Hence the strict reliable answer. It is impossible to describe those processes in which they are unknown (or absent). those properties that can be used as the basis for a particular mathematical theory.

I believe that it is impossible to describe mathematically the process of thinking of a genius who discovers something that was not known before. By the way, it probably follows that artificial intelligence will never be able to discover new natural science laws.

7. sergey_khaibulov says:

The word “process” implies a change in something over time. If there is a change in something, then this change can somehow be described by a mathematical model. Another question is how accurate and / or verifiable this model will be.
Let's take a simple example: is it possible to describe the process of snow falling mathematically? Can. For example, snow didn't fall yesterday, but it's falling today. Here is a simple model of such a process – yesterday 0, today 1. But more complicated-a graph with a minute step of snow mass per unit of the earth's surface. This can also be done. Here is even more complicated-the same graph, but by the number of snowflakes, taking into account their separately measured distribution �by size (~ mass). This can probably also be done. But it will be impossible to simulate the trajectories of each snowflake falling in a given snowfall purely technically – there are no means to control and there is no computing power to simulate.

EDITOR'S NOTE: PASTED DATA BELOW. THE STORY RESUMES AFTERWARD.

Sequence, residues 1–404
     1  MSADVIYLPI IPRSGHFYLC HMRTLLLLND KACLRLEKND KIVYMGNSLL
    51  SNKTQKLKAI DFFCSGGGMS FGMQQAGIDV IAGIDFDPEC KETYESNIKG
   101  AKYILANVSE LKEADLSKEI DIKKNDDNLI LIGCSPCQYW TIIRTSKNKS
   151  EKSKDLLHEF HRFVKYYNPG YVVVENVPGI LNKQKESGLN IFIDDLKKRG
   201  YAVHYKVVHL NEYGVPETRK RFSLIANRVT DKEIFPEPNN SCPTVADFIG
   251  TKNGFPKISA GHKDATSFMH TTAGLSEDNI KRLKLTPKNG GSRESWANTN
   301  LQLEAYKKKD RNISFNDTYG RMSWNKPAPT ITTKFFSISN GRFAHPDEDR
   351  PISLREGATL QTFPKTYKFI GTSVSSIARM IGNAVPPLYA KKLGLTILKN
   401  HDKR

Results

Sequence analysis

Let's take a more complicated example: five years ago I didn't like Zoshchenko's works, but now I do. The first type of model (0 / 1) is just as easy to model, since I remember when I started liking it. But then the problems will begin – there is no conceptual framework and there is no possibility of quantitative measurements. That is, it is possible to model something, but how much it will make sense is a big question.

That is, formally, any process can be modeled mathematically, but in reality, for modeling with a reasonable degree of accuracy, and not “once, twice, many”, there may be a variety of technical and, worse, methodological problems of varying degrees of surmountability. Including those that are probably insurmountable in general.

8. alexander_vanetsev says:

A fool can describe anything mathematically. But the result will also be stupid.
Smart can't describe 2 categories of processes mathematically:

1. Processes that are not quantified. Like, for example, the emotions that Julian Avramov wrote about. But not just them.

2. Processes for which there is no complete / clear data. For example, the economy of the Pskov region or geological activity in Io. Both will probably one day be able to be described mathematically when people have substantially more data.

Just in case, let me clarify: the fool will collect statistics for the Pskov region, somehow make a model out of them, and will run around with this model like a fool with a written bag. Well, or it will estimate the probability of a new volcano appearing on Io, based on the assumptions of its left heel.
But it will not be math – it will be a fool's fantasy, written using mathematical symbols, and having zero predictive accuracy.

9. oleg says:

Do not ask elementary questions that do not require a mat. modeling-because it turns out to be a philosophy. Philosophy is not mathematics.
Just like a semi-human.
How to tell the difference between a sharp tragus(Oleg Voevodin's method, face reading)